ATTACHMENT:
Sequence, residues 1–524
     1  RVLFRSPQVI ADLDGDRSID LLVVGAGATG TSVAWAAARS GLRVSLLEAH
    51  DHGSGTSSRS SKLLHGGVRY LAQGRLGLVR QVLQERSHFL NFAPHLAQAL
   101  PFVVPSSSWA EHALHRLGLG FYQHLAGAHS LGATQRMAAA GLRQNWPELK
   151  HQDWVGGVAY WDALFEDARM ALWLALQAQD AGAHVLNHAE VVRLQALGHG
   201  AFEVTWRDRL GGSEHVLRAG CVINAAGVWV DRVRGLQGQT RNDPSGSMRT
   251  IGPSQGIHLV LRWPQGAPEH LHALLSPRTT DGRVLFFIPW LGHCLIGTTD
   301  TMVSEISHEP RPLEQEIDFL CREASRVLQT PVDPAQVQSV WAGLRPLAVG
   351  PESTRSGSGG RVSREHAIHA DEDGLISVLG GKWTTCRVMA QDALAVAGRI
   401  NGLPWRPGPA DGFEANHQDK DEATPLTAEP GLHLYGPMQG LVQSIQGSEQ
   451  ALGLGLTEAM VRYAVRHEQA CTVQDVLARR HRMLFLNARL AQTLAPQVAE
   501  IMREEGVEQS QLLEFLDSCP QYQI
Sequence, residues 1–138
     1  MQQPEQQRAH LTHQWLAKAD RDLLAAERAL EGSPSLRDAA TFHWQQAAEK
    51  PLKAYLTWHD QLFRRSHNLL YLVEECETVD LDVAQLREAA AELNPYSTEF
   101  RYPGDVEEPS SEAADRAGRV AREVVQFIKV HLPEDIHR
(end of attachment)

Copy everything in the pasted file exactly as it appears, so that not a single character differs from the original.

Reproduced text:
Sequence, residues 1–524
     1  RVLFRSPQVI ADLDGDRSID LLVVGAGATG TSVAWAAARS GLRVSLLEAH
    51  DHGSGTSSRS SKLLHGGVRY LAQGRLGLVR QVLQERSHFL NFAPHLAQAL
   101  PFVVPSSSWA EHALHRLGLG FYQHLAGAHS LGATQRMAAA GLRQNWPELK
   151  HQDWVGGVAY WDALFEDARM ALWLALQAQD AGAHVLNHAE VVRLQALGHG
   201  AFEVTWRDRL GGSEHVLRAG CVINAAGVWV DRVRGLQGQT RNDPSGSMRT
   251  IGPSQGIHLV LRWPQGAPEH LHALLSPRTT DGRVLFFIPW LGHCLIGTTD
   301  TMVSEISHEP RPLEQEIDFL CREASRVLQT PVDPAQVQSV WAGLRPLAVG
   351  PESTRSGSGG RVSREHAIHA DEDGLISVLG GKWTTCRVMA QDALAVAGRI
   401  NGLPWRPGPA DGFEANHQDK DEATPLTAEP GLHLYGPMQG LVQSIQGSEQ
   451  ALGLGLTEAM VRYAVRHEQA CTVQDVLARR HRMLFLNARL AQTLAPQVAE
   501  IMREEGVEQS QLLEFLDSCP QYQI
Sequence, residues 1–138
     1  MQQPEQQRAH LTHQWLAKAD RDLLAAERAL EGSPSLRDAA TFHWQQAAEK
    51  PLKAYLTWHD QLFRRSHNLL YLVEECETVD LDVAQLREAA AELNPYSTEF
   101  RYPGDVEEPS SEAADRAGRV AREVVQFIKV HLPEDIHR